Global disparities in prescription of guideline-recommended drugs for heart failure with reduced ejection fraction

Jasper Tromp, Wouter Ouwerkerk, Tiew Hwa K. Teng, John G.F. Cleland, Sahiddah Bamadhaj, Christiane E. Angermann, Ulf Dahlstrom, Wan Ting Tay, Kenneth Dickstein, Georg Ertl, Mahmoud Hassanein, Sergio V. Perrone, Mathieu Ghadanfar, Anja Schweizer, Achim Obergfell, Sean P. Collins, Gerasimos Filippatos, Carolyn S.P. Lam

Research output: Contribution to journalArticlepeer-review

7 Citations (Scopus)


Background: Heart failure (HF) is a global challenge, with lower- and middle-income countries (LMICs) carrying a large share of the burden. Treatment for HF with reduced ejection fraction (HFrEF) improves survival but is often underused. Economic factors might have an important effect on the use of medicines. Methods and results: This analysis assessed prescription rates and doses of renin-angiotensin system (RAS) inhibitors, β-blockers, and mineralocorticoid receptor antagonists at discharge and 6-month follow-up in 8669 patients with HFrEF (1458 from low-, 3363 from middle-, and 3848 from high-income countries) hospitalized for acute HF in 44 countries in the prospective REPORT-HF study. We investigated determinants of guideline-recommended treatments and their association with 1-year mortality, correcting for treatment indication bias. Only 37% of patients at discharge and 34% of survivors at 6 months were on all three medication classes, with lower proportions in LMICs than high-income countries (19 vs. 41% at discharge and 15 vs. 37% at 6 months). Women and patients without health insurance, or from LMICs, or without a scheduled medical follow-up within 6 months of discharge were least likely to be on guideline-recommended medical therapy at target doses, independent of confounders. Being on ≥50% of guideline-recommended doses of RAS inhibitors, and β-blockers were independently associated with better 1-year survival, regardless of country income level. Conclusion: Patients with HFrEF in LMICs are less likely to receive guideline-recommended drugs at target doses. Improved access to medications and medical care could reduce international disparities in outcome.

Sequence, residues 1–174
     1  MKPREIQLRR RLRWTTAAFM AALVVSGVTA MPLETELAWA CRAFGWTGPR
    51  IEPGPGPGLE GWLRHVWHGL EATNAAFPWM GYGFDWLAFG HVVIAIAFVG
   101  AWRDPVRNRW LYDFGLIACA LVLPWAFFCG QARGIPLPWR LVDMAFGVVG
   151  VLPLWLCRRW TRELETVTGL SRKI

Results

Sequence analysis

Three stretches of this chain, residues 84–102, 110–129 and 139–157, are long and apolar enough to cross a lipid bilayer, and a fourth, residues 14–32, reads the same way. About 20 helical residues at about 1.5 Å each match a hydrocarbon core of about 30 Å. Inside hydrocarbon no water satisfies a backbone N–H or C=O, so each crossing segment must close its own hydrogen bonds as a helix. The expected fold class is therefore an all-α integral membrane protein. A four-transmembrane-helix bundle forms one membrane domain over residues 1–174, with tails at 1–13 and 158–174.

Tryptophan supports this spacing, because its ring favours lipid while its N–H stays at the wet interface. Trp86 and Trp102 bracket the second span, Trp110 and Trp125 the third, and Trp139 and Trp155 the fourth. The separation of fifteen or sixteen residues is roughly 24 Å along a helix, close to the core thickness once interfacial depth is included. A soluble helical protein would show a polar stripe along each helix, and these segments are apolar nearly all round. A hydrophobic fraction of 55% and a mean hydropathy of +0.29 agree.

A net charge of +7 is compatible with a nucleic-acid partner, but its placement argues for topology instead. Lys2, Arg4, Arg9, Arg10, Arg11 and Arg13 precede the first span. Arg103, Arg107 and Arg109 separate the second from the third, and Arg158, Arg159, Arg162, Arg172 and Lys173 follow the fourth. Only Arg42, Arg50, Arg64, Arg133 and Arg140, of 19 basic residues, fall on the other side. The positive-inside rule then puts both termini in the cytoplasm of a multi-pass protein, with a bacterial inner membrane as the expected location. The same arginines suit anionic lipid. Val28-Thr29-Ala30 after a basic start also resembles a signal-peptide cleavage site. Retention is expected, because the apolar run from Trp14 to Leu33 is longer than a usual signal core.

Original languageEnglish
Pages (from-to)2224-2234
Number of pages11
JournalEuropean Heart Journal
Issue number23
Publication statusPublished - 14 Jun 2022
Externally publishedYes


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